Seconds Out



Self Released on 2nd July 2013


So here we are slap bang in the middle of 2013 and I am pleased to share with you the release of the sophomore effort from the electronic-rock outfit Exchange.

And let’s say from the outset that the opener “Skyline” is a damn fine way to start off an album. It presents a harder edge, a distinctive sound –  interlocking synth riffs, motorik rhythms, and dense guitar chords interact with Mike Powell’s languorous vocal stylings to create a fresh sound for the band. They have definitely moved on from the first album “Systems”. That’s not to say that they have lost the core sound – and i’ve said before the influences on the duo are plain to hear in their music. This time around though the attention to melodic layering demonstrates an evolution in the writing. I think it’s also important to listen to this on it’s own merits and understand the results rather than the complex cocktail of styles they have distilled into their own sound.

The previously released EP “Sunday” is up next and is an exemplar of the best of electro-rock and perhaps provides more of a bridge back to the first album. Again there are  strong melodies, hypnotic bass lines, and insistent synth riffing.  Third track “Glorious”, like the opener, demonstrates that the pair have moved into new areas compositionally. More pop oriented than some of their other material there is some complex and clever arrangement going on here, and the ability of the band to break down the track into a quieter section before moving back into the main chorus, and then into an extended coda with a plaintive guitar riff, shows that they know what they are about.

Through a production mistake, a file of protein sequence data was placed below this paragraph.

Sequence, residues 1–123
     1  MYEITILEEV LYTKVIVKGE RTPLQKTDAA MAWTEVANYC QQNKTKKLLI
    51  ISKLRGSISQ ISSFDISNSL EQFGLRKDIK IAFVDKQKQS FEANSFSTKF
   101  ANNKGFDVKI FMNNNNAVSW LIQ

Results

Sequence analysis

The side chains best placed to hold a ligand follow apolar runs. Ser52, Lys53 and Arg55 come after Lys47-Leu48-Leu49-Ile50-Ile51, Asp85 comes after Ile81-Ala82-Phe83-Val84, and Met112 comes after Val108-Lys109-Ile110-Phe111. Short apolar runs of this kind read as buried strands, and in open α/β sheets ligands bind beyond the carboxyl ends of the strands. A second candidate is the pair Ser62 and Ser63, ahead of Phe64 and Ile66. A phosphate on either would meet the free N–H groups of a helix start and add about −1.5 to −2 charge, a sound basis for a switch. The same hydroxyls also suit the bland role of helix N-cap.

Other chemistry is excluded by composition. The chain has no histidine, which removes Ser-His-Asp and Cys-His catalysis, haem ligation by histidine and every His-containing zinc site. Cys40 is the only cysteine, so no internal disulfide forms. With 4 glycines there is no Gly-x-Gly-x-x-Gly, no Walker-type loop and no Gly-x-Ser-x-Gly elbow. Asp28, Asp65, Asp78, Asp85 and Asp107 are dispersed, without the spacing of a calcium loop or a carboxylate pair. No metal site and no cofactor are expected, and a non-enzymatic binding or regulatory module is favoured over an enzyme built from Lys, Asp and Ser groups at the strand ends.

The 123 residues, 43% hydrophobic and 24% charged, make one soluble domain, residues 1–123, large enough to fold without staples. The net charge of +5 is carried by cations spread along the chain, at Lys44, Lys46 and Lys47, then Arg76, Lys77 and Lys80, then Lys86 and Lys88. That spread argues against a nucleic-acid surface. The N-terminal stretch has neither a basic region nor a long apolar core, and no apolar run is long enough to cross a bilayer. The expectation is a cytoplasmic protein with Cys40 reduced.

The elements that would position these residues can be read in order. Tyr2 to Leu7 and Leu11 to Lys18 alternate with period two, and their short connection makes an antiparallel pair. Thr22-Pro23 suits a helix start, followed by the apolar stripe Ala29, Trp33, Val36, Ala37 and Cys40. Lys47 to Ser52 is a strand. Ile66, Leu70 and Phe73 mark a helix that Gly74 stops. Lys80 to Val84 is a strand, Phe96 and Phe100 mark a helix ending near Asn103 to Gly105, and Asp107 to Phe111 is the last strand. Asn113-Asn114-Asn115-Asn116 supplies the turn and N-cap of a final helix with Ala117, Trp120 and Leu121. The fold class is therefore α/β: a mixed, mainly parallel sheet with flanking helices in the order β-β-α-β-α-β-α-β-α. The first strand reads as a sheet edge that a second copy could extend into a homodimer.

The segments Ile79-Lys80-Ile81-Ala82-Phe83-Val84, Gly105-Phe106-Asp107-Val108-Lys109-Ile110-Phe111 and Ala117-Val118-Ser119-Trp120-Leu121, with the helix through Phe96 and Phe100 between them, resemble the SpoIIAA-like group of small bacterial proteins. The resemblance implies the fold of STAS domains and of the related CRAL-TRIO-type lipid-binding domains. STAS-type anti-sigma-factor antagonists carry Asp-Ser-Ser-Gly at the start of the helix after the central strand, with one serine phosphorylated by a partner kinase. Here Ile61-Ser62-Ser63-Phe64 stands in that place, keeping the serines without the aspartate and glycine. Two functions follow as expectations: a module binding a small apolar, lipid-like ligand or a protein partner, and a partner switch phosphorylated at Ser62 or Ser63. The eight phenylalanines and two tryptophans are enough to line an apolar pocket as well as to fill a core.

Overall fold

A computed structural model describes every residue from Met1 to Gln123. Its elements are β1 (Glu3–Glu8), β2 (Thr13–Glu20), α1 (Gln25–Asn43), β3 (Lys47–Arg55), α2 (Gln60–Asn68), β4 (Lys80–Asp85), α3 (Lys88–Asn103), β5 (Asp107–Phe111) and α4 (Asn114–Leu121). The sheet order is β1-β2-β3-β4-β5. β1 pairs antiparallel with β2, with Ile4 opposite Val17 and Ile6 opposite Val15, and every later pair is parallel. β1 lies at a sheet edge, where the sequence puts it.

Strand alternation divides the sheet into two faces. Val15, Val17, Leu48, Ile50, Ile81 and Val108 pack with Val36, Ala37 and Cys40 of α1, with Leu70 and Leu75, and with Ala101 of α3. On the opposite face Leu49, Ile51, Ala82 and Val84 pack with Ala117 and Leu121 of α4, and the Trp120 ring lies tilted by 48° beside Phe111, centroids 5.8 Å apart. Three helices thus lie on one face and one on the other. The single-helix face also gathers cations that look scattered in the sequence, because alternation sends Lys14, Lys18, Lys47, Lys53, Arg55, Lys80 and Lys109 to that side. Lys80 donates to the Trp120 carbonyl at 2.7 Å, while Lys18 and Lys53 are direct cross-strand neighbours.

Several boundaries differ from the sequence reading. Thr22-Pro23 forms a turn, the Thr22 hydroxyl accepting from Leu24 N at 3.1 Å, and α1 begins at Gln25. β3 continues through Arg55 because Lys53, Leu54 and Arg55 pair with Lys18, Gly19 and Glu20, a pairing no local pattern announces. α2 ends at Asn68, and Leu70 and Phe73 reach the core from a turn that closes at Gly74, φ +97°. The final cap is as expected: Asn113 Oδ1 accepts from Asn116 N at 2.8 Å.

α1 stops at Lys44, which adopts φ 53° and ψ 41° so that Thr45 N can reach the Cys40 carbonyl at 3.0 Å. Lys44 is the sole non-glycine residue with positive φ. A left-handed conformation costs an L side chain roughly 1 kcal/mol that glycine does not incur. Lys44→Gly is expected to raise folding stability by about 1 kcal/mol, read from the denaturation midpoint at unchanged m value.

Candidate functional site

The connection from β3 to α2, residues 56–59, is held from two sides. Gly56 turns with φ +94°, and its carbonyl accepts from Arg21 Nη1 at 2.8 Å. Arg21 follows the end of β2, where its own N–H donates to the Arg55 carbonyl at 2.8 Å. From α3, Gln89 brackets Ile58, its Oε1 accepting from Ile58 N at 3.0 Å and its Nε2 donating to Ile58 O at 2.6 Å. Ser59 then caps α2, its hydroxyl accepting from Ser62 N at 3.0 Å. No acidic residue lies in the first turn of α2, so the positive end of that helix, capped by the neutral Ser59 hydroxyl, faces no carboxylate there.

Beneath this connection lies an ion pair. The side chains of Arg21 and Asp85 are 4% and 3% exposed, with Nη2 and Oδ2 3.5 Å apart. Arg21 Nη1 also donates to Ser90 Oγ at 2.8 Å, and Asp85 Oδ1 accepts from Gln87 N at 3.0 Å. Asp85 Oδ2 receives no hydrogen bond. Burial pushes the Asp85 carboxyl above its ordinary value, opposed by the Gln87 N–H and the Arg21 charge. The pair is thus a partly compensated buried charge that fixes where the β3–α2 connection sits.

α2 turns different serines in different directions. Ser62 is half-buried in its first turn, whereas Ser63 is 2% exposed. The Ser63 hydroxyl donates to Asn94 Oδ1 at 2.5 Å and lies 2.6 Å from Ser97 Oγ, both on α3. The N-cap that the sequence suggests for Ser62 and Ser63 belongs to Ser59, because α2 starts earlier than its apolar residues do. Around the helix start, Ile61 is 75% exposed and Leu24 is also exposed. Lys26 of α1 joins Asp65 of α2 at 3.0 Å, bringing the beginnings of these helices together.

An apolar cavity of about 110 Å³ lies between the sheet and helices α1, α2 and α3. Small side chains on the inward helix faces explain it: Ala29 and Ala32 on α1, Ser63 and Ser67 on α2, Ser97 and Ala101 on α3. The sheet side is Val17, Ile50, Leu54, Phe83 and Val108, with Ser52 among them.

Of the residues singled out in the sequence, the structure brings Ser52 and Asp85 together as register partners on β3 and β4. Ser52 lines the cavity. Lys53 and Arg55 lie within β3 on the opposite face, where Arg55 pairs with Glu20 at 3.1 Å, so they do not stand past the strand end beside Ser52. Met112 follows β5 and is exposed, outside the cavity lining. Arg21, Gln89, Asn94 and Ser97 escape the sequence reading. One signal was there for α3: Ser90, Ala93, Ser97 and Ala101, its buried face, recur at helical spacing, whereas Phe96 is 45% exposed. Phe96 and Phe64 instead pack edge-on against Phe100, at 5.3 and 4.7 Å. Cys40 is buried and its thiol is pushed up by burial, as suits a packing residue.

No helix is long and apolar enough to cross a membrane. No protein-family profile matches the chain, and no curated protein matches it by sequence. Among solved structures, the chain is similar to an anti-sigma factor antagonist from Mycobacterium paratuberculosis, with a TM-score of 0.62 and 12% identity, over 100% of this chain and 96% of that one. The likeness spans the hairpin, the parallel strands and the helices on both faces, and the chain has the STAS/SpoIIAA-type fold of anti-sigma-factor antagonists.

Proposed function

The longest song on the album is the epic “Second Chance” which manages to combine Krautrock and the sound of 80s Madchester into a delightful confection – the impressive “Never Say Never” takes things on a step or two with a mesmerising collage of funky electro, chirpy synth interventions and a dance rhythm to die for.  Similarly the impressive “Captive” builds on a strong rhythm with that signature Jed Stephens lead bass sound but also folds in a range of other layers. “Come Home Now” bridges pop and electro and takes the band in another direction entirely. The closing “Guilty” is, simply put, beautiful, managing to be restrained but also holding an epic quality at it’s core.

On balance I prefer the hard edged dance oriented elements of their work over the poppier side,  but overall this is a good second album with some marked progression in Jed and Mike’s music. Nice of them to use one of my photos for the back cover as well!

The band will be releasing the album via their website at and are playing at the Kings Arms, Salford on 16th August alongside Positronik and Factory Acts where you will be able to purchase a copy of the album for a mere £5.

Seconds Back

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